Here's what you need to know about shadow IT, why it is lurking inside your organisation and what you should do about it.
Shadow IT. Sounds mysterious, and menacing...
Well, it really depends on who you are. If you're a CIO, shadow IT is a potential headache. But if you're reading this article on your own iPad which is connected to the office network, then you're part of the problem and you probably don't even know it.
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Shadow IT refers to the use of technology inside an organisation without the formal approval of the IT department. It ranges from the minor, such as unauthorised device usage, to the major: entire enterprise IT systems that can be funded and developed by business units or departments without the knowledge of the central IT team.
Why’s it happening now?
Shadow IT has always been an issue – there has always been the odd business unit that has insisted on doing its own thing when it comes to technology. But until recently the cost and complexity of IT has meant that the CIO and the IT department have had a monopoly on tech development.
What's changed now is that IT is no longer as complex or as expensive: anyone with a credit card can buy a cloud service, and enterprise-class smartphones, tablets and laptops are easily to use and cheap to buy.
Also, as technology becomes more pervasive and less mysterious, business execs are getting a better idea about what they want to do and are less willing to wait for the CIO to agree with them. That's a big danger for the CIO and the IT department.
Business units are already taking direct responsibility for IT, cutting out the CIO and the IT department. According to research by Forrester, while most businesses still get their tech from a central corporate IT group, 20 per cent now have a dedicated IT unit in their business unit or department, up from 10 per cent in 2010. Some estimates see as much as a third of all enterprise IT spending taking place outside the IT department in a few years.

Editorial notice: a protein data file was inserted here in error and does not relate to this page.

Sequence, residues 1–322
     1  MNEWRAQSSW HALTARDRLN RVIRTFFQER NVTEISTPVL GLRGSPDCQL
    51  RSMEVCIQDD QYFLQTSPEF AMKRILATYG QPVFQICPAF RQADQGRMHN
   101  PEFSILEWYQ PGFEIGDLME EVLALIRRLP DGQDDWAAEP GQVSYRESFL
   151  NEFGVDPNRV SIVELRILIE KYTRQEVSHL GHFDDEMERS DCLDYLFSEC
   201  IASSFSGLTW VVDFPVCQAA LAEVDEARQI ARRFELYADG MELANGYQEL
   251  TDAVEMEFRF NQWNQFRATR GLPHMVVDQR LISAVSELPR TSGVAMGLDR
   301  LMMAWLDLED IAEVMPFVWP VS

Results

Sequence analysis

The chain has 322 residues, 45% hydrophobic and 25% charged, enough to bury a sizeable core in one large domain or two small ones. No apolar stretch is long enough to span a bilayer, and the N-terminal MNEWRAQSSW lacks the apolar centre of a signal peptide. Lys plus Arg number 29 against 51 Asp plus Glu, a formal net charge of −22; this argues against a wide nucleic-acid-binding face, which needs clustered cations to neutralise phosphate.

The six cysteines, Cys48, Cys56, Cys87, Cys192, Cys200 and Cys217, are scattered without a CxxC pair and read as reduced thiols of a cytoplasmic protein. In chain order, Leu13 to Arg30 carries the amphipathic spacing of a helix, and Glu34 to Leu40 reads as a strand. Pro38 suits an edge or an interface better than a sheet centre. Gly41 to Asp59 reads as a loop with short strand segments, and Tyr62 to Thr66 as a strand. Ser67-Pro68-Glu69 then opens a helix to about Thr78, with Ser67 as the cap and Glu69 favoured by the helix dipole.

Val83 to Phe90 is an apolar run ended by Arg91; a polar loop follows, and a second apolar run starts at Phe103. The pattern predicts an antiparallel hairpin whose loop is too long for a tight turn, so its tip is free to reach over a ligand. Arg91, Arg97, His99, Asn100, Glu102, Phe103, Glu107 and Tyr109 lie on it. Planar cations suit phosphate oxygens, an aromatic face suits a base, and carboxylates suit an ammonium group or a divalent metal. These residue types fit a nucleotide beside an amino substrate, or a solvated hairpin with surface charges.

What's so bad about shadow IT?
For the CIO, shadow IT can turn into quite a headache, but it can also mean cost and complications for the whole organisation.
For the CIO it means someone in the organisation is spending money on IT, and it's not them, which is never a good sign, especially if it implies the business unit doesn’t see the IT department as capable of delivering the IT they need to time or budget.
Alternatively, it may be that nobody at a senior level has signed off the spending at all, and that junior staff are doing it themselves. That's bad enough when it’s a sys admin who just wants to get some cloud servers up and running quickly – but it's far worse when it is a sales manager buying a cloud CRM system for just their team.
And apart from the political problems shadow IT can create, it can also lead to some bigger and more painful tech problems.
Any unauthorised tech development can lead to security headaches: if individuals or business units are making their own investments then they may well not be following the same rigourous security protocols as the IT department.
That might mean they can move faster than the IT department or do things cheaper - but it could also put organisation’s sensitive data – and therefore its reputation – at risk. That could be either by using systems or services that are in themselves insecure, or by inadvertently punching holes in the corporate IT infrastructure that can be exploited by attackers.
Another big risk is duplication. For example a sales chief might be frustrated by waiting for the rollout of a global ERP system and decide to buy into a cloud system instead. Effectively the organisation ends up paying twice for the same capabilities – and corporate data ends up fragmented as well.
Finally, there's every chance that once the business unit has built their own system, they’ll want the IT department to manage it. That’s going to be a major headache if it’s built on technologies the IT team doesn't have the skills to support and that don’t fit with the broader enterprise architecture.
So what should the CIO and IT department do about it?
Option one is to use policy to crush shadow IT every time it appears. This strategy is unlikely to work and will just see the CIO typecast as a dictator.
If shadow IT is a big problem inside your organisation you need to look at the root causes. Is it because the IT department is moving too slowly on important projects, or lacking the funds to provide the innovation needed? Is it because central IT is being held hostage by one department while the others are starved of innovation? Is the IT department holding onto corporate data so tightly that business units are forced to create their own?
Reducing project lifecycles and providing the rest of the business with a clear roadmap for future innovation may dampen desire for bespoke shadow projects.
And not all shadow IT is bad – there are plenty of reasons why some tech development should be done outside of the core IT organisation – but it will be to everyone’s benefit if this is coordinated and shares a common framework where possible. In these cases the CIO and the IT department can be a trusted advisor rather than an adversary. And that way the CIO might even get some credit without having to do all the work.